Dependency need

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Dependency need is "the vital, originally infantile needs for mothering, love, affection, shelter, protection, security, food, and warmth." (Segen, 1992) A dependency need is thought to be characterized by two components: (1) It is a real need of an organism, something that must be present in order for the organism to be able to thrive, (2) It is something that an individual cannot provide for him or herself. It is well known that infants have many dependency needs; some of these needs are obvious, others have only come to the attention of researchers as the result of epidemiological studies. The more obvious needs of infants include: adequate feeding, adequate watering, adequate cleaning, adequate shelter, and more specifically, keeping the infant's body temperature within the narrow range of normalcy. On the other hand, it was not well known until the middle of the 20th century that infants also required the presence of warmth and affection, known as "maternal warmth". The greatest number of dependency needs seem to be encompassed in infancy, however, dependency needs begin to change and decrease with age and maturity. This marked decrease in dependency needs as an individual gets older can be largely attributed to the notion that, as an individual gets older, he or she becomes capable of providing these things for him or herself. However, to some extent, these needs remain present even into adulthood. Even as adults, people have certain universal dependency needs that remain constant throughout the lifespan that they are not able to provide for themselves; these include: the need to belong, need for affection, as well as the need for emotional support. These needs can usually be met by partnership, in which both partners get used to depending on one another. If adults lack partnership, their needs can usually be met by family and/or friend relationships.


Dependency need is an important psychological concept, encompassing the fields of psychological, evolutionary, and ethological theory. Need, in general, is a concept greatly studied in varying psychological fields, by psychologists with varying specialties. Need is particularly important to the area of personality psychology. The concept of need can be defined as a "state of tension within a person", and as the need is satisfied, the state of tension is reduced. (Larsen & Buss, 2008) It is thought that all individuals have needs, and that needs organize perceptions, guiding individuals to see what they want (or need) to see (Larsen & Buss). A physical or psychological need is capable of organizing action by compelling an individual to do what is necessary in order to fulfill such a need. (Larsen & Buss, 2008) After action has been taken to fulfill the need, the need subsides until it is again desired and recurs.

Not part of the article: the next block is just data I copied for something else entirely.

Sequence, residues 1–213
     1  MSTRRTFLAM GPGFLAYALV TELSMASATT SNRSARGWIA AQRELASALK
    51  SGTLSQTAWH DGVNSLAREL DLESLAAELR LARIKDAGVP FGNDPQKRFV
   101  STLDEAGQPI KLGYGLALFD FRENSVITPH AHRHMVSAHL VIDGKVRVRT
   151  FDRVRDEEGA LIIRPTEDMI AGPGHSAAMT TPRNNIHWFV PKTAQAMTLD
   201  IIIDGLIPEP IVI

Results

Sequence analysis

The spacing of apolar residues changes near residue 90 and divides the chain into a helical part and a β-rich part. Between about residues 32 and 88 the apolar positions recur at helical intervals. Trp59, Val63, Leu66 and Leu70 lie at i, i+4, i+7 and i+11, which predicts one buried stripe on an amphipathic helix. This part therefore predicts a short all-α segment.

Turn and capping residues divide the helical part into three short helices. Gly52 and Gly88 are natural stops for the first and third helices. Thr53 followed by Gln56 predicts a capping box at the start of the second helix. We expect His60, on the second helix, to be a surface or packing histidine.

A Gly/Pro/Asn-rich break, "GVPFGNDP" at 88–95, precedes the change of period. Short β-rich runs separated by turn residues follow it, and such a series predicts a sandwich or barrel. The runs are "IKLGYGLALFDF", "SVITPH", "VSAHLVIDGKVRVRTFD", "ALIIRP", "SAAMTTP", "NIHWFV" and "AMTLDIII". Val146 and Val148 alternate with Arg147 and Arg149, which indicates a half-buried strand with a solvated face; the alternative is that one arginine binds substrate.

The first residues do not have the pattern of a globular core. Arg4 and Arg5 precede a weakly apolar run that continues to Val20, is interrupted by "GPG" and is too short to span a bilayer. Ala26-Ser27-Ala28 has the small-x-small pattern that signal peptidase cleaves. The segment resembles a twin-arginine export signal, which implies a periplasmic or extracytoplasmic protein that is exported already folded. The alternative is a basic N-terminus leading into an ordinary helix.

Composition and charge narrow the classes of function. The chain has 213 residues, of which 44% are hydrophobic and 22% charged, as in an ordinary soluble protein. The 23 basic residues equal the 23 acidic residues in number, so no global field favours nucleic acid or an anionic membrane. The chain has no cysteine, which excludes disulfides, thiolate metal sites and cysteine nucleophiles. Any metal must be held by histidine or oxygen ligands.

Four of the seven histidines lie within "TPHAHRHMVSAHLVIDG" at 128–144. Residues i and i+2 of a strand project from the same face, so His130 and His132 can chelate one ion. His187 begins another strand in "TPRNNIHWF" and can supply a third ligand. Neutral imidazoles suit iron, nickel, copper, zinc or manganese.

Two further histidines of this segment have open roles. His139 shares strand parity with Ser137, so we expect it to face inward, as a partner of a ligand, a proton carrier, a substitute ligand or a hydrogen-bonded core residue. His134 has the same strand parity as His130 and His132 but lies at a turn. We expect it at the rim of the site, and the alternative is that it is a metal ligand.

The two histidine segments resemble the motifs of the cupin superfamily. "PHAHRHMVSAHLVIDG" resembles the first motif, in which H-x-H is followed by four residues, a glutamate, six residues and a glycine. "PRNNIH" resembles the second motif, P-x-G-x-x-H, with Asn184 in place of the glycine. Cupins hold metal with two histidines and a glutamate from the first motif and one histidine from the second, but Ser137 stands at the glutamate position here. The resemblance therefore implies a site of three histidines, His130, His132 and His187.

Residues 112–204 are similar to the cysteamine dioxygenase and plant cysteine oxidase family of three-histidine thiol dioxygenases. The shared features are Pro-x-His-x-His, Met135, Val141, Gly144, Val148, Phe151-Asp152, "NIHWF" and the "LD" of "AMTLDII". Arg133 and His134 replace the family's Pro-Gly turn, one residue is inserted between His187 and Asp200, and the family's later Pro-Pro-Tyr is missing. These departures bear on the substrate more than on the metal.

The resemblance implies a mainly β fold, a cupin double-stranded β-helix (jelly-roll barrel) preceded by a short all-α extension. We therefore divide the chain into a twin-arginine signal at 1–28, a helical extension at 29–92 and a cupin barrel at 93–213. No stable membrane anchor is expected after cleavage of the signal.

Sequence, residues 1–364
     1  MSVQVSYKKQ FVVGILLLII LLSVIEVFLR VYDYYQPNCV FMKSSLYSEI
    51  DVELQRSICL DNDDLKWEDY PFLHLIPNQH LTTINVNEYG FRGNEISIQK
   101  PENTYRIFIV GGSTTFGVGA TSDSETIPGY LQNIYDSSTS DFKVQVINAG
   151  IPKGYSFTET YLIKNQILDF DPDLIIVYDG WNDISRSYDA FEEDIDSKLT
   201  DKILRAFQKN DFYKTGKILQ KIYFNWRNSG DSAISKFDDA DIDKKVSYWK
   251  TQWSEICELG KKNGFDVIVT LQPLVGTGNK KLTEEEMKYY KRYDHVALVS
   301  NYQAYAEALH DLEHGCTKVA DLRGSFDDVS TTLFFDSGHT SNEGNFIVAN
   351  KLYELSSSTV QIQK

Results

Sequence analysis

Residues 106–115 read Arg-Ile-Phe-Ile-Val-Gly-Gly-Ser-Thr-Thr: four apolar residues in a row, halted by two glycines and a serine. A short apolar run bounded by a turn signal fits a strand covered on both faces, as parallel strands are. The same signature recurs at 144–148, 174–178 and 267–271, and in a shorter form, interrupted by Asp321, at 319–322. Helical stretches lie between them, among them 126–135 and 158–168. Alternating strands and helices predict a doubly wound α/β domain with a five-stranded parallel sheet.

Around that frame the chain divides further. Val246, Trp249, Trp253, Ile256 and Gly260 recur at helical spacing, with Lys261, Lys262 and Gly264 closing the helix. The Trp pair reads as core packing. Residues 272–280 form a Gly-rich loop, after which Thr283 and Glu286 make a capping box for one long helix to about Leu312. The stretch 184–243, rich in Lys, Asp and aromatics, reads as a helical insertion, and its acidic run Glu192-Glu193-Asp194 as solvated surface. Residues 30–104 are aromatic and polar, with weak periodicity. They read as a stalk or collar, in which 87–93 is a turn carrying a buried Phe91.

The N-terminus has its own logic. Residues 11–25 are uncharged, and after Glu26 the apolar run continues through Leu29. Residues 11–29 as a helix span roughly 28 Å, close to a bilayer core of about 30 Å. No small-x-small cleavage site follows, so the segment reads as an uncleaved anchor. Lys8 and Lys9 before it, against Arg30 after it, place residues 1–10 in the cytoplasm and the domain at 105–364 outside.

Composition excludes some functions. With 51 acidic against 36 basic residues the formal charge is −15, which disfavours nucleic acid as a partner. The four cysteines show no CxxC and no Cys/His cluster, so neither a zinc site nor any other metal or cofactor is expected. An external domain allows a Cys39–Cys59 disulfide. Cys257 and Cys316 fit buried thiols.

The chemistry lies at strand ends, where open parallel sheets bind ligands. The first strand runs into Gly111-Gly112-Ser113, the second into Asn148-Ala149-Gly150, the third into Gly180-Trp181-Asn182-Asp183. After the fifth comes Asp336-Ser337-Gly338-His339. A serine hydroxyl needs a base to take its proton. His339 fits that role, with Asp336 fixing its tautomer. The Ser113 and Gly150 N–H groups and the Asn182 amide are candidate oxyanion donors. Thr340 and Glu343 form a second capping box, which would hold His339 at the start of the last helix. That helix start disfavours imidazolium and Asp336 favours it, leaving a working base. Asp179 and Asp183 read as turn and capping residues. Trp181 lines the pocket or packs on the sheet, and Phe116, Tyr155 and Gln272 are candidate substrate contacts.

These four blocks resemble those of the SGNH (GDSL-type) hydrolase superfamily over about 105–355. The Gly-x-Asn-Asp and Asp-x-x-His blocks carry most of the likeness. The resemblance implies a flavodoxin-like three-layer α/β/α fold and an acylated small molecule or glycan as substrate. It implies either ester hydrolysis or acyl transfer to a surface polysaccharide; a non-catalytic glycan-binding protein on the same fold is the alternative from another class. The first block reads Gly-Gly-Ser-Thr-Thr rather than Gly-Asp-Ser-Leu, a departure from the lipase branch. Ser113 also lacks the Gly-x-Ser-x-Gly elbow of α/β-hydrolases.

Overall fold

It can be hypothesized that the concept of dependency need originated from the well-known psychologists Henry Murray and Abraham Maslow's ideas about needs. According to Murray, a need can be defined as a "potentiality or readiness to respond in a certain way under certain circumstances." (Murray, 1938) Murray purposed a list of fundamental human needs. Each need was thought to be associated with "(1) a specific desire or intention, (2) a particular set of emotions, and (3) specific action tendencies." (Larsen & Buss, 2008) Murray believed that human beings had their own hierarchy of needs, unique to each individual. (Larsen & Buss, 2008) It is thought that each individual's various needs exist at different levels of strength.

According to Maslow, the concept of need can be defined primarily by an individual's goals. (Larsen & Buss, 2008) Maslow was a firm believer of self-actualization, the process of becoming "more and more what one idiosyncratically is, becoming everything that one is capable of becoming." (Larson & Buss, 2008) Maslow believed that needs were hierarchically organized, with more basic needs found toward the bottom of the hierarchy and the self-actualization need at the top. The needs defined by Murray and Maslow (physiological needs, safety needs, belongingness needs, esteem needs, self-actualization needs) seem to correspond with the vital needs encompassed in the concept of dependency need.

Attachment theory's relevance[edit]